I learned that it’s easy to be a good director in the morning but that what really separates the men from the boys is how you deal with the last half hour of the day when you’re running out of time and you still have important shots to make. The old film industry adage “Ben Hur in the morning, Benny Hill in the afternoon” is always true.
I learned that directing is about management as well as creativity, that the director is responsible for the atmosphere on a set and therefore the pace and quality of the work. For me, at least, a fun atmosphere produces better results than an atmosphere of tension and oppression. Praise produces better results than censure.
Nowadays, with the ready availability of decent domestic cameras and editing software, conventional wisdom has it that anyone has the means to make a film and that this democratisation of the process will produce a new generation of Spielbergs and Scorceses. This is largely bullshit. Yes, it’s possible to pick up a cheap HD camera, go shoot a movie with your friends and edit it on Final Cut on your laptop. If the technology had been available at the time, that’s probably how I would have made “Any Dream Will Do”. And I would have learned almost nothing useful. Yes, I might have figured out which shots cut together best or when to use a close-up, when to use a wide shot. But really, if I didn’t already have an idea of that I shouldn’t be making a film in the first place. I would have learned nothing that would equip me for a career making films and television; I would have no idea of the responsibilities of the various departments, the subtleties of managing a crew, the evolution of ideas through process and necessity, the trade-off between those ideas and the time available to execute them. In short, I would have collected none of the skills required to do this job in the real world. Just as, I contest, the film school graduate can learn none of these skills until the safety net of the institution has been removed and he or she is required to do the job in a professional capacity.
And as for the film itself? Was “Any Dream Will Do” any good? I doubt it but I can’t really answer that question now as I haven’t seen the film for at least ten years. I don’t have a copy of the film and I’ve no idea if anyone does. I’m pretty sure it’s not the worst thing I’ve ever made because I directed “Hotel Babylon” a few years back and there is no pile of crap bigger or stinkier than the two episodes that bear my name.
So “Any Dream Will Do” is long lost and I have no interest in watching it again. The film was about the process; the journey, not the destination. If I’m proud of any aspect of it it’s that I did it at all. It would have been so easy to accept that making a film was too high a mountain to climb, that my ignorance was insurmountable and that I’d be better off turning my back on the idea and heading instead to another dull office job. Only I know how easy it would have been to walk away, how tempting that was on how many occasions. But I didn’t.
However bad the end product, I made it. I made a film and now I get paid to make them. There’s isn’t a better job in the world.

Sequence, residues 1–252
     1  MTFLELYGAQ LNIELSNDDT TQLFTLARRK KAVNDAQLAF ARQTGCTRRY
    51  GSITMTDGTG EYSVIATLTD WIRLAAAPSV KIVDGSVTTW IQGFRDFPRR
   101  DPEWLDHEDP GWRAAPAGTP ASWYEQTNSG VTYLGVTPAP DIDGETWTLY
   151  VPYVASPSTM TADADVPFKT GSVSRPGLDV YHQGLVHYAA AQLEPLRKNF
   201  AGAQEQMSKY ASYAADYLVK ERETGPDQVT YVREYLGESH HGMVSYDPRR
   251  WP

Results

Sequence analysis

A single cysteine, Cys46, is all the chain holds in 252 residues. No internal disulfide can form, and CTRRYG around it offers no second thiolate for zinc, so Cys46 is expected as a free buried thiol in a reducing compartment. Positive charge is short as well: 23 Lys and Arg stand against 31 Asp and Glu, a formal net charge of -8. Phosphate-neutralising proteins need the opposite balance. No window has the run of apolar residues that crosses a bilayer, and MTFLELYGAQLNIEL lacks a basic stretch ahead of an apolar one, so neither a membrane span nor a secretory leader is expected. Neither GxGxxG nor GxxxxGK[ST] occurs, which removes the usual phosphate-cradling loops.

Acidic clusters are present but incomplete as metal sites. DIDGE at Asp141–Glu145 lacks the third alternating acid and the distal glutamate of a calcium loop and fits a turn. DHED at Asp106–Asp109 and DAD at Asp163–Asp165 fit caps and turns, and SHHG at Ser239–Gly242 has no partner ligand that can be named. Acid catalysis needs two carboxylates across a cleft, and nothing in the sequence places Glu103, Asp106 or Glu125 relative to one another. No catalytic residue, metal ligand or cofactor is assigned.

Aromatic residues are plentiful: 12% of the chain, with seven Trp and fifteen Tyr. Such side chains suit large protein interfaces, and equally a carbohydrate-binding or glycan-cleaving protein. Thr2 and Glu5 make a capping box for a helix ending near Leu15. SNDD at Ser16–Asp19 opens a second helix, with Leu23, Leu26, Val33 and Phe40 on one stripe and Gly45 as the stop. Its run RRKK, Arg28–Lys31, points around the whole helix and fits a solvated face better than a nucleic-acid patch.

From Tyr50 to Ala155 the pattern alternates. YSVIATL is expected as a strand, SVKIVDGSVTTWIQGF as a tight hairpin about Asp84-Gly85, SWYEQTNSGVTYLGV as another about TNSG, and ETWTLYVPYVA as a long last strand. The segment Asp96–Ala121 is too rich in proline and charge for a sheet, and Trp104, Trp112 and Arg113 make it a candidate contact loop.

More exposure to excellence here (it’s good for you, suck it up). Very few people understand the possibilities of cinema like David Lynch. He’s just started David Lynch Foundation Television. Here are some clips from that, loosely themed around the desire for ideas. There’s a lot more where these came from; go see…
Ideas are like fish:
Checking Ideas with the Air:
The Meaning of His Films:
The Language of Cinema:
I thought it might be interesting to journal a day in the life of a writer-director (me!) during the last days of a TV edit. It turns out it wasn’t interesting at all but I’ve written it now, so you can damn well read it…
07.00 – What? What time is it? Who am I?
07.15 – Coffee. Toast. E-mail. Twitter. RSS feeds. Plenty of time…
08.01 – Crap, now I’m running late!
08.03 – Jana and Edie wake up. I change Edie’s nappy.
08.15 – Bath. Try not to fall asleep again.
09.00 – Into car, hoping there won’t be any traffic as I have to be at Pinewood for ten for a music-spotting session on two episodes of “New Tricks”.
09.15 – A406 is a car park. Crap. Listening to Amanda Palmer album and smoking.
09.55 – Don’t know how this happened, but I’m actually at Pinewood on time!
10.00 – Composer not here yet. Bloody musicians.
10.15ish – Music spotting session starts. This is where we show our composer, Warren Bennett, the two edited episodes and discuss where music should go and what kind of music it should be.
13.15 – Spotting finished. Warren had already seen one of the episodes so, mercifully, we didn’t have to watch both in their entirety. I think they’re both good eps, but I have an appallingly short attention span and there’s only so many times I can watch the same episode before my eyes start bleeding.
13.30 – In the car, heading home. Nothing more to be done in the edit until we know what the executive producers thought of the latest cut and what changes we need to make or argue against.
14.00 – Arrive home. Jana and Edie are out, so I fire up the desktop and start making notes for an outline of another New Tricks episode for the next season.